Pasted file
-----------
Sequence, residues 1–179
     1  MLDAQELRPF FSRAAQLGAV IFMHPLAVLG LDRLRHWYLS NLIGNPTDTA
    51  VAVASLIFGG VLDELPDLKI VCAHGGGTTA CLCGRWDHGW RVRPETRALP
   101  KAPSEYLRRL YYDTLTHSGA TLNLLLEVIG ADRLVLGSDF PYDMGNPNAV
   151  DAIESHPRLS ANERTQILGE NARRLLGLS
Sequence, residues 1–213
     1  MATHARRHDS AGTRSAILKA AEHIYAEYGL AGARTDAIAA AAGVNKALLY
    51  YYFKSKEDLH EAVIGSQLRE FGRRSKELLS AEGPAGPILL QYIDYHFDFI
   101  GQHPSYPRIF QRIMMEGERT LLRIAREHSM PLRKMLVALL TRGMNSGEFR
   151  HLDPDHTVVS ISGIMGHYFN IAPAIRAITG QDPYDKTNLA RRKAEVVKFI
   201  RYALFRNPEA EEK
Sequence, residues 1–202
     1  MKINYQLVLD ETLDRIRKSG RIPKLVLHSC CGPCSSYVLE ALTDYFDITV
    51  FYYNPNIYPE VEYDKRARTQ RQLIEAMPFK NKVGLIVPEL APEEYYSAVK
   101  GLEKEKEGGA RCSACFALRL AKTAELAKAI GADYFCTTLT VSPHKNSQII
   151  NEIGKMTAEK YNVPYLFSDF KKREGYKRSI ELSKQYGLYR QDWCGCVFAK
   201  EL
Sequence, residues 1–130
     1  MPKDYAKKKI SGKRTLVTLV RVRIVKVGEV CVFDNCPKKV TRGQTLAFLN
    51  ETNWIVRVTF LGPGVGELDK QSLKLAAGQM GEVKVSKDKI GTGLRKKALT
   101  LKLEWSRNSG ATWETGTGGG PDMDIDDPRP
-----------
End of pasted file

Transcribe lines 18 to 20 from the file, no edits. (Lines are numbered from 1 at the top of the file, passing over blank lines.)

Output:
Sequence, residues 1–130
     1  MPKDYAKKKI SGKRTLVTLV RVRIVKVGEV CVFDNCPKKV TRGQTLAFLN
    51  ETNWIVRVTF LGPGVGELDK QSLKLAAGQM GEVKVSKDKI GTGLRKKALT